European shares snap winning run


London - European stocks snapped a week-long winning streak on Thursday, weighed down by a batch of disappointing updates from blue-chip companies including Swiss food group Nestle and French bank BNP Paribas.

Shares in Nestle fell 2.1 percent after it said it may undershoot its long-term growth targets again this year due to weaker demand from emerging markets and price pressures in Europe.

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French spirits group Pernod Ricard also warned about weak demand in China on Thursday as it cut its annual profit growth goal. After a sharp drop in early trade, shares in the group rebounded, with analysts at Liberum saying long-term investors could find an attractive entry point at the current price.

An MSCI basket of stocks with the highest proportion of sales from emerging countries has fallen by more than two percent this year, underperforming the broader market, as signs of a slowdown in China and capital flight from other emerging countries saw traders ditch assets linked to those regions.

European equities with emerging exposure:

“Our view is that there will be some further disappointment from companies exposed to emerging markets in the fourth quarter (2013). Difficult to assess, however, what is now included in share prices as this thematic is very well known” Yann Belvisi, a strategist at CM-CIC Securities in Paris said.

“Consensus is becoming very bearish on these stocks but we don't expect (emerging market) economies to bottom too low, so opportunities should materialise later in the year.”

The pan-European FTSEurofirst 300 index was down 0.7 percent at 1,317.19 points at 13:32 SA time, falling for the first time in seven sessions. The Euro STOXX 50 index was down 0.9 percent at 3,068.07.

Britain's Rolls Royce, the world's second-largest aircraft engine maker, was the top faller on the FTSEurofirst 300, down 13.3 percent, after it forecast declining defence aerospace and marine revenues in 2014.

Also weighing on the index were banks after weak updates from BNP Paribas, Belgium's KBC and Britain's LLoyds Banking Group, down between 1.7 percent and 4.4 percent.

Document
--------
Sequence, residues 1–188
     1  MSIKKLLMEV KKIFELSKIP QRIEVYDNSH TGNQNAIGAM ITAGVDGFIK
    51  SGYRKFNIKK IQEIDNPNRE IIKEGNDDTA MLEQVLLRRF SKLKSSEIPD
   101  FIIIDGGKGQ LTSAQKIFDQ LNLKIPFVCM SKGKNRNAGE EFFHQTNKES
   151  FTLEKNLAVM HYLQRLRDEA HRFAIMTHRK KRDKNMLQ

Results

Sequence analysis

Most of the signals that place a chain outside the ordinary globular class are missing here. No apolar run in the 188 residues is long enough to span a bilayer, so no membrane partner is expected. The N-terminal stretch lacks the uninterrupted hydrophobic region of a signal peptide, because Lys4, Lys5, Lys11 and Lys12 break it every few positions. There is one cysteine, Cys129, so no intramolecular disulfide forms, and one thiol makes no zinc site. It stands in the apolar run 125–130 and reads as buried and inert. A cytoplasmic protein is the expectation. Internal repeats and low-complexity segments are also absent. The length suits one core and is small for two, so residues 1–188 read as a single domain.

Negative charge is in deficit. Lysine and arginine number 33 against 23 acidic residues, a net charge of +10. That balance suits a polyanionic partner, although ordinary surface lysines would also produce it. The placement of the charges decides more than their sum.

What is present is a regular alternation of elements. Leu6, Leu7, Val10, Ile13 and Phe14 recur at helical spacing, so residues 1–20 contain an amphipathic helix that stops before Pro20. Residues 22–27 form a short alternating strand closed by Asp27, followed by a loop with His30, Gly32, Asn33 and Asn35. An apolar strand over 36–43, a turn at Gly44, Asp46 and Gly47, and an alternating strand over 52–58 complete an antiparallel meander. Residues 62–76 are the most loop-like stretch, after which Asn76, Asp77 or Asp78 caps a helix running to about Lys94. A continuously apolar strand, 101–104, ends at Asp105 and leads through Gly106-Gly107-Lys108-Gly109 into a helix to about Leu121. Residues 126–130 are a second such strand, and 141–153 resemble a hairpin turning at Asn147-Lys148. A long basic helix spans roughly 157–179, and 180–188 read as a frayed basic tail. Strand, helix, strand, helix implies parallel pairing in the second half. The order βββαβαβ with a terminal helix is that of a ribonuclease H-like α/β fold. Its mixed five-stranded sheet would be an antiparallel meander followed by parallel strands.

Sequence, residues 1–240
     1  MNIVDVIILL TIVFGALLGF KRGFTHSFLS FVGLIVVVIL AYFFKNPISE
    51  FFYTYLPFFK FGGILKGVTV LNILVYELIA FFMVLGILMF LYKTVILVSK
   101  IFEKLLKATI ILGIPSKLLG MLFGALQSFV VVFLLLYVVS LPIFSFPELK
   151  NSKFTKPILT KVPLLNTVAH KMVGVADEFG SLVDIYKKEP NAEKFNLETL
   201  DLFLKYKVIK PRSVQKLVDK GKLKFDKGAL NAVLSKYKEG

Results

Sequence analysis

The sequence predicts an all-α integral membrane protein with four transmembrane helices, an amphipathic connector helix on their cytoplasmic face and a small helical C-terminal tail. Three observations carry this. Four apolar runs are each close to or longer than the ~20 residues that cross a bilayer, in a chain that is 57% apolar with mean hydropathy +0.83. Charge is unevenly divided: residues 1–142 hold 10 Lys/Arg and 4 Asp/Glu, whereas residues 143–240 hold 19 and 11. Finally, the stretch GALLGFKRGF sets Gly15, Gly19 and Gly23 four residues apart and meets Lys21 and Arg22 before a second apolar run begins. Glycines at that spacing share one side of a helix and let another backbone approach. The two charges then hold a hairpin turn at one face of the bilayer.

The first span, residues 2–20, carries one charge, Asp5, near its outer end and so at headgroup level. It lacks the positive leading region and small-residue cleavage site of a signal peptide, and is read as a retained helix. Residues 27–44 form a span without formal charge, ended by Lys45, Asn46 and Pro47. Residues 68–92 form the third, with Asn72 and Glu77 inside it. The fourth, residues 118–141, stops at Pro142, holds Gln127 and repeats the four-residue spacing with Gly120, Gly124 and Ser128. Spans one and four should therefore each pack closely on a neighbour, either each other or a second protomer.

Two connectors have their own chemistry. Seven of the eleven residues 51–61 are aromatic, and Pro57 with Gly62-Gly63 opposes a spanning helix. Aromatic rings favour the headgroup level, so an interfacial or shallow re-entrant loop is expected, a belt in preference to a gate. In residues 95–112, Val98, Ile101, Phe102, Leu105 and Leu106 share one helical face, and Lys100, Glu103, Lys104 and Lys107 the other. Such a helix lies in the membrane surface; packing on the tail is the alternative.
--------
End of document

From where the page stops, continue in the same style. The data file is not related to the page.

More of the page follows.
European commercial banks were seen missing consensus expectations by 18 percent this quarter, according to StarMine's SmartEstimates, which are based on the forecasts of the analysts with the best track record.

The STOXX Europe 600 banking index has risen nearly 30 percent since late June 2013 as investors piled into stocks exposed to the European domestic recovery.

Bucking the sector trend was Germany's Commerzbank, which rose 2.8 percent after posting a small profit in the fourth quarter of 2013 and showing its restructuring had gained traction.


Italy's FTSE MIB was the worst performer among major European indexes as it fell 1.2 percent on uncertainty over the stability of its government.

Prime Minister Enrico Letta's position has come under increasing pressure following repeated criticisms by his party secretary Matteo Renzi of the slow pace of economic reforms.

The leadership committee of Letta's Democratic Party meets at 16:00 SA time to decide whether Letta has the backing of his party to continue.

Banks such as Intesa Sanpaolo, heavily exposed to the country's sovereign debt, weighed on the index, which hit a 2-1/2 year high on Wednesday.

A solid auction of Italian debt earlier on Thursday, however, suggested investors were keeping their faith in Italy despite the fresh wave of political uncertainty as the prospect of fresh elections remained remote.

“It's a tail risk so far and it would only become a real risk if we had elections, which seems unlikely,” said Wouter Sturkenboom, investment strategist at Russel Investments, which manages around $256 billion dollars worth of assets.

“If Renzi becomes prime minister it could actually be a positive because he might be a little bit more forceful on the reform agenda.” - Reuters

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